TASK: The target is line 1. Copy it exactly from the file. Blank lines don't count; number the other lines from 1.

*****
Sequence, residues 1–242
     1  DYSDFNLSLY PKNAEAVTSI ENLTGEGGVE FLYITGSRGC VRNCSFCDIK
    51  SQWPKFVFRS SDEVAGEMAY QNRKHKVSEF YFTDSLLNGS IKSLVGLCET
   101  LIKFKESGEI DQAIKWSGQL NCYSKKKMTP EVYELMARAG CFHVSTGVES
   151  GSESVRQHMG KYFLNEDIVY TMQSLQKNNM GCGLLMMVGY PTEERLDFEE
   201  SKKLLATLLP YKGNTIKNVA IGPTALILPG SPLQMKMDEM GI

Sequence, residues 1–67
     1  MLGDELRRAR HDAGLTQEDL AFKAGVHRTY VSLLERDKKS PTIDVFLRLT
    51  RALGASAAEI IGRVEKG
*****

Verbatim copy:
Sequence, residues 1–242